To test young children’s false belief theory of mind in a morally relevant context, two experiments were conducted. In Experiment 1, children (N = 162) at 3.5, 5.5, and 7.5 years of age were administered 3 tasks: prototypic moral transgression task, false belief theory of mind task (ToM), and an “accidental transgressor” task, which measured a morally relevant false belief theory of mind (MoToM). Children who did not pass false belief ToM were more likely to attribute negative intentions to an accidental transgressor than children who passed false belief ToM, and to use moral reasons when blaming the accidental transgressor. In Experiment 2, children (N = 46) who did not pass false belief ToM viewed it as more acceptable to punish the accidental transgressor than did participants who passed false belief ToM. Findings are discussed in light of research on the emergence of moral judgment and theory of mind. PMID:21377148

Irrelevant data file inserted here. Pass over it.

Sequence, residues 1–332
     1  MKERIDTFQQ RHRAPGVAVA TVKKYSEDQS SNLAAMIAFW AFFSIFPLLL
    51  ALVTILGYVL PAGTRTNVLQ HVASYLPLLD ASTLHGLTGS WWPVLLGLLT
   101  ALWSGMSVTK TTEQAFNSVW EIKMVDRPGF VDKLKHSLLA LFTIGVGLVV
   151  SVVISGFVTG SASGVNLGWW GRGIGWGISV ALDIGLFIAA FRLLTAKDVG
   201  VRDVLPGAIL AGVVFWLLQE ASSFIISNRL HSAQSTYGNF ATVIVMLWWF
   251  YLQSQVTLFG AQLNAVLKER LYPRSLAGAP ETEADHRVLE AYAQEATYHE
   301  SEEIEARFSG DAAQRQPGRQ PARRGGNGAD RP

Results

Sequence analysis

11. Accidental entrapment of cats in front-loading washing machines

    PubMed Central

    Stewart, Sarah A.; Gaunt, Matthew C.; Taylor, Susan M.; Snead, Elizabeth C.R.

    2010-01-01

    Two clinical cases of accidental entrapment of cats in front-loading washing machines are described. One cat died the day after presentation as a result of aspiration pneumonia and head trauma, despite supportive care. The second cat survived with supportive treatment, but developed dermatologic complications 10 d later. PMID:21119868

  12. 49 CFR 192.751 - Prevention of accidental ignition.

    Code of Federal Regulations, 2010 CFR

    2010-10-01

    ... 49 Transportation 3 2010-10-01 2010-10-01 false Prevention of accidental ignition. 192.751 Section 192.751 Transportation Other Regulations Relating to Transportation (Continued) PIPELINE AND HAZARDOUS... NATURAL AND OTHER GAS BY PIPELINE: MINIMUM FEDERAL SAFETY STANDARDS Maintenance § 192.751 Prevention...